India: Teen’s Killing Spurs Kashmir Protest

Amin Masoodi
Srinagar, India
170309-IN-kashmir-620.jpg Kashmiri villagers clash with Indian police near the site of a gun battle between security forces and suspected militants in Pulwama district, March 9, 2017.

Separatist leaders have called for a complete shutdown across Indian Kashmir on Friday to protest the killing of a teenager following an encounter between security forces and suspected militants in Pulwama district on Thursday.

Amir Nazir, 15, was allegedly killed when police opened fire on stone-hurling anti-India protesters who had poured out on the streets of the south Kashmir district after security forces gunned down two suspected Lashkar-e-Taiba (LeT) operatives during a firefight.

Nazir died after being “hit by a stray bullet” near the site of the encounter, a senior police official told BenarNews on condition of anonymity, while expressing regret over the teenager’s death. The two slain suspected LeT operatives were identified as Shafi Shergujri and Jahangir Ahmad Ganie.

Jalal Din, 26, another civilian, apparently died of cardiac arrest when protesters started running to escape police firing, a health official said.

“There was no bullet injury on Jalal Din’s body. It appears he may have died of cardiac arrest or chest trauma while running for safety during clashes,” Rashid Parra, medical superintendent at the district hospital, told BenarNews.

News of the civilian deaths triggered another cycle of violent protests in the district, police said, adding that at least 25 protesters were injured when security forces fired teargas shells and pellets to disburse a mob.

Police said they wanted to capture the suspected militants alive and engaged their family members to persuade them to surrender.

“But Shergujri and Ganie flatly refused to come out of the house in which they were holed up and began firing. Both of them were killed in retaliatory fire,” the police official said.

Both residents of south Kashmir, Shergujri and Ganie were “involved in various terror acts [and] were motivating youths to join militant ranks in south Kashmir,” according to a statement released by the police.

In a separate incident later on Thursday, a suspected militant – identified as Mushtaq Ahmed – was shot dead by the Indian Army in north Kashmir’s Bandipora district, after he allegedly opened fire on an army check post. One soldier was injured in the firing, officials said.

Ahmed was allegedly a member of Hizbul Mujahideen (HM), the largest separatist faction in the disputed Himalayan region.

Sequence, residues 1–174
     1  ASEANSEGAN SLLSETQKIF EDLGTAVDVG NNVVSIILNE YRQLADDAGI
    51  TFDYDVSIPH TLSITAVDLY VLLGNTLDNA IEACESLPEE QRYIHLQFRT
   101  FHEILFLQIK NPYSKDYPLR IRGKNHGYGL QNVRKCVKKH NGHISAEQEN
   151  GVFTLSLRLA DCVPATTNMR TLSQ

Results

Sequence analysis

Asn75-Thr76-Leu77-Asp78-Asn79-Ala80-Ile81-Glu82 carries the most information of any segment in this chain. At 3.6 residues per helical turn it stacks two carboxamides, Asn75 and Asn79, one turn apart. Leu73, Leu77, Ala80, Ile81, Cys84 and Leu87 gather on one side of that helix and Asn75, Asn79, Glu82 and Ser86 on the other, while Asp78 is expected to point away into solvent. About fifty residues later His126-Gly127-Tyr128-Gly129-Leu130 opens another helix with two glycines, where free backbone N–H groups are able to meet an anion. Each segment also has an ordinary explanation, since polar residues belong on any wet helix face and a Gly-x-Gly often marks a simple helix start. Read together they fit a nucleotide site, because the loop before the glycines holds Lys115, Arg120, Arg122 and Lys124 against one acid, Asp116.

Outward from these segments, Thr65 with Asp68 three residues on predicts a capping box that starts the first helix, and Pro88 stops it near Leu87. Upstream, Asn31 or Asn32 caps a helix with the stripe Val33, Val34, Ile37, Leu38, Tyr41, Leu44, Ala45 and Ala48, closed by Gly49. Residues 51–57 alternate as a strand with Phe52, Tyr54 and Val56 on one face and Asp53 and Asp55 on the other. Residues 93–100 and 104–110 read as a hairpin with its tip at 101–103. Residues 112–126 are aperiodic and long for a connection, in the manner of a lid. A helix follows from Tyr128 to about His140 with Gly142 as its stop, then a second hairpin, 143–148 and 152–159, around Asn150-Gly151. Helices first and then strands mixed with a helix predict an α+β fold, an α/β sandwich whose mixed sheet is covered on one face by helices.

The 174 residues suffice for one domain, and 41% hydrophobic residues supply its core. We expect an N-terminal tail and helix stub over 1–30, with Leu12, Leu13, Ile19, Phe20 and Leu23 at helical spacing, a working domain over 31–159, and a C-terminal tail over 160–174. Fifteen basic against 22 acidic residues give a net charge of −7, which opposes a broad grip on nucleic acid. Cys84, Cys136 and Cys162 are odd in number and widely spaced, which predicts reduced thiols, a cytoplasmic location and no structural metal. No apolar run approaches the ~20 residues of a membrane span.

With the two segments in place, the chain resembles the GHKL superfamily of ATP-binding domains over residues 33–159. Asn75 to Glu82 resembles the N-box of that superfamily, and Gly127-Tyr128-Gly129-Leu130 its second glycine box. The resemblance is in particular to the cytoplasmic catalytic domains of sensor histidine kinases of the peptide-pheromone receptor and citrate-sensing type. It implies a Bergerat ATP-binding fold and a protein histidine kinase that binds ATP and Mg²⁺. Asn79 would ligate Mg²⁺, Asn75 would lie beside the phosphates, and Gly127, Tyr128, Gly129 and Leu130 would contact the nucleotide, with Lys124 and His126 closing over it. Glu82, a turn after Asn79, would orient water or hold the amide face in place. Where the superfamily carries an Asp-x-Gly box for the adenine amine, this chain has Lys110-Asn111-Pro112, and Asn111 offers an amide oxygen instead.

Claimed in its entirety by both India and Pakistan, Muslim-majority Kashmir has been grappling with a separatist insurgency that has claimed more than 70,000 lives since the late 1980s.

India blames Pakistan for militancy

Earlier this week, the National Investigation Agency (NIA) – India’s top counter terror unit – squarely blamed Pakistan-based militant outfits for funding militancy in Indian-controlled Kashmir.

Jaish-e-Muhammad (JeM) and LeT are raising money through donations to charitable organizations associated with them to fund militancy in Kashmir, Atul Goel, NIA’s Superintendent of Police, said while addressing the 19th Asian Security Conference in New Delhi on Monday.

“Falah-e-Insaniat Foundation, a charity run by LeT and jamaat-ud-Dawa, and the JeM-backed Al-Rehmat Trust collect donations from Pakistan resident and then through their over-ground workers foment terror in Kashmir,” Goel said.

Earlier this year, Kashmir police blamed Pakistan for backing what it termed as “narco-terrorism.”

“The funds generated from sale of narcotics are being used to fund terror activities in Kashmir,” Director General of Police (DGP) S.P. Vaid told BenarNews in January.

Indian security experts agreed with these claims.

“There is a well-organized resource flow to Kashmiri separatists [from Pakistan]. This has been documented for many years,” Ajai Sahni of the New Delhi-based Institute of Conflict Management told BenarNews.

“Pakistani terror outfits routinely send mules across the LoC [Line of Control] to pass on funds to separatists in Kashmir,” K.R. Rajendra, Kashmir’s former DGP, told BenarNews, referring to the de facto border that divides Kashmir between India and Pakistan.

But by blaming Pakistan for separatism in Kashmir, India was attempting to malign internationally the “ongoing freedom movement aimed at liberating Kashmir from India’s oppressive rule” said Shabir Shah, a separatist leader.

“Regardless of the Indian government tactics, the Kashmiri people’s resolve to fight oppression cannot be crushed,” he told BenarNews.


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